WASHINGTON (Reuters) – U.S. President Donald Trump will meet 10 major automakers at the White House on Friday to discuss the fate of landmark fuel efficiency standards and a looming confrontation with California and other major states.
A draft proposal circulated by the U.S. Transportation Department would freeze requirements at 2020 levels through 2026, but the administration is not expected to formally unveil the proposal until later this month or in June.
Major automakers reiterated this week they do not support freezing requirements but say they want new flexibilities and rule changes to address lower gasoline prices and the shift in U.S. consumer preferences to bigger, less fuel-efficient vehicles.
Automakers also want the White House and California to reach agreement on maintaining national standards, fearing a prolonged legal battle could leave them facing two different sets of rules and extended uncertainty.
Trump plans to tell automakers he is willing to support a freeze and challenge California but wants the industry to back the effort, a senior administration official said. He also wants to know if they want him to fight on their behalf, the official said.
The chief executives of General Motors Co, Ford Motor Co, Fiat Chrysler Automobiles, along with senior U.S. executives from Toyota Motor Corp, Volkswagen AG (VOWG_p.DE), Hyundai Motor Co, Nissan Motor Co, Honda Motor Co, BMW AG and Daimler AG will meet Trump, along with the chief executives of two auto trade groups.
Trump went to Michigan, a state that helped him win the presidency, in March 2017 and suggested he would soften the fuel rules. “The assault on the American auto industry is over,” he told autoworkers there.
California and 16 other states covering about 40 percent of the U.S. population filed suit last week to block the Trump administration’s efforts to weaken the requirements.
A White House official said Trump would hear from the automakers about the impact of the administration’s forthcoming revisions to Corporate Average Fuel Economy rules and automakers’ efforts to negotiate a national program with California.
U.S. Trade Representative Robert Lighthizer, Transportation Secretary Elaine Chao, White House economic adviser Larry Kudlow, Environmental Protection Agency chief Scott Pruitt and White House aide Chris Liddell are among the administration officials scheduled to attend the session, which is expected to last an hour.
Mitch Bainwol, who heads the Alliance of Automobile Manufacturers, told a U.S. House committee on Tuesday the industry supports “standards that increase year over year that also are consistent with marketplace realities.”
Bainwol said the industry remains hopeful that there will be a “negotiation” between the White House, California and the auto industry.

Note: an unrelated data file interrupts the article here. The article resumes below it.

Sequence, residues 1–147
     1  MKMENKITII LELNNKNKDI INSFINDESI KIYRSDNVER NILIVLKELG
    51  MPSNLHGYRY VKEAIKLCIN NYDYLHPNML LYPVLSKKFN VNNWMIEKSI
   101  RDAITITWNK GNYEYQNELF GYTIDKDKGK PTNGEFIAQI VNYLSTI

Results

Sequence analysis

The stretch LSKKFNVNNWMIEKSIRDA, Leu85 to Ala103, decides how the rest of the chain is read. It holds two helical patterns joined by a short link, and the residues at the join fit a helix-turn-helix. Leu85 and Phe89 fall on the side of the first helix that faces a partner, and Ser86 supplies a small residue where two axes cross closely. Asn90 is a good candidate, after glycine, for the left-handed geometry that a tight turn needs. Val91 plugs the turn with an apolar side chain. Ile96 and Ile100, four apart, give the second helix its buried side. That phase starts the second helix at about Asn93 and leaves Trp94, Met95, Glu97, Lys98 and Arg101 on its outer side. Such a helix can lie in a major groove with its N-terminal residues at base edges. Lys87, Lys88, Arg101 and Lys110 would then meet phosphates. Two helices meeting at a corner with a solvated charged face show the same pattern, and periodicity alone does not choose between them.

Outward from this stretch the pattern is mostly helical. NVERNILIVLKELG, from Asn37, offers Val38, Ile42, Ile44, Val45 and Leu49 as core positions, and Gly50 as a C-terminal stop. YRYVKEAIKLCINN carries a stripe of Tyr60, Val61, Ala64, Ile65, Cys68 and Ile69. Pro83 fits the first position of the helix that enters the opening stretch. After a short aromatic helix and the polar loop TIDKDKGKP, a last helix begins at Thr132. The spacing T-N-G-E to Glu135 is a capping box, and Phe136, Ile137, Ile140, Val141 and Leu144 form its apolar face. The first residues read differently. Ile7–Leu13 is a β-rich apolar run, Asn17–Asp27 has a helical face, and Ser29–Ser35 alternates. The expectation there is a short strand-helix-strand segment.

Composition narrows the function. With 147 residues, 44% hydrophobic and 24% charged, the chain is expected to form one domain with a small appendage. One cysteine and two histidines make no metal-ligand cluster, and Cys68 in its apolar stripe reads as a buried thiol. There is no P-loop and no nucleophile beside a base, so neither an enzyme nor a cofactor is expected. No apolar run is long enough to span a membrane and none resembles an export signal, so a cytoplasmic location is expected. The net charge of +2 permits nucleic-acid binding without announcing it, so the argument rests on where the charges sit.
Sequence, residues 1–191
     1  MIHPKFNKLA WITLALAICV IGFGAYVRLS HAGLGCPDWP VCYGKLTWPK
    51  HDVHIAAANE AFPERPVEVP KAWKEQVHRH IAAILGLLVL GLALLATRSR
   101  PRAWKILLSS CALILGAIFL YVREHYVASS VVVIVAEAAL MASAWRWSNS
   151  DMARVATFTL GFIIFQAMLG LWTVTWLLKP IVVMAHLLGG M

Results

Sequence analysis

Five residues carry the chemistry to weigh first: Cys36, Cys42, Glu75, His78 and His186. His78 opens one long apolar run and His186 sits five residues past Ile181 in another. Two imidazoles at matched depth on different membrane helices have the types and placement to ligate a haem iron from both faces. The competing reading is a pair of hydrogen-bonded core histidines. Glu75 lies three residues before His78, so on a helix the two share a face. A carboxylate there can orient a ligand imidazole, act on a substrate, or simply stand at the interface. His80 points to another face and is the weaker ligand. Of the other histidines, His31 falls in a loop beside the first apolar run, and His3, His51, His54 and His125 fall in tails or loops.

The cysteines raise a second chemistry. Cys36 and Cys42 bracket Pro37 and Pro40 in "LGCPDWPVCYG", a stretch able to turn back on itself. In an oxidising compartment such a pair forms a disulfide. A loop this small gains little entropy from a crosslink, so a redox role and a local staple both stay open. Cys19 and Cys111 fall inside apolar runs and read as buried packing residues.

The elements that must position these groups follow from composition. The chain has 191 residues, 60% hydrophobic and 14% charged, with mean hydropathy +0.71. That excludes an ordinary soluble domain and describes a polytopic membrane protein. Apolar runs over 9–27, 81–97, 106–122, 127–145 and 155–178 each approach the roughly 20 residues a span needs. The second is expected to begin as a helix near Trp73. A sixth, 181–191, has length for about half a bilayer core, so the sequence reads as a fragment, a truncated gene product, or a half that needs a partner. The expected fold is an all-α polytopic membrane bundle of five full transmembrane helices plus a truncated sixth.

Automakers may also use the Trump meeting to raise proposed controversial changes to the North American Free Trade Agreement, officials said.
Trump is likely to also raise an idea – first reported in early April – about requiring imported automobiles to meet stricter environmental standards, the administration official said.
Automakers plan to argue that Trump should view California as a flawed trade deal and he should help them get a better deal, two auto officials said.
The industry also notes it faces rising fuel efficiency standards around the globe and is spending billions of dollars to introduce new battery electric vehicles in the coming years.
The Transportation Department proposal also asserts that a 1975 federal law preempts states from imposing emissions rules, even though California has received numerous waivers under the Clean Air Act to set emissions rules.
Democrats and environmental advocates plan to aggressively challenge the Trump administration’s plans to weaken the vehicle rules touted by the previous Obama administration as one of its biggest climate actions.
The Trump administration plans to argue the weaker rules will lead to cheaper vehicles, boost sales and employment and improve safety by prodding faster turnover of older vehicles.
The Obama rules adopted in 2012 sought to double average fleet-wide vehicle fuel efficiency to about 50 miles (80 km) per gallon by 2025, but included an evaluation due by April 2018 to determine if the rules were appropriate.
Unlike many other Trump meetings with business leaders, Friday’s meeting will be closed to the media.
Reporting by David Shepardson; Editing by Paul Tait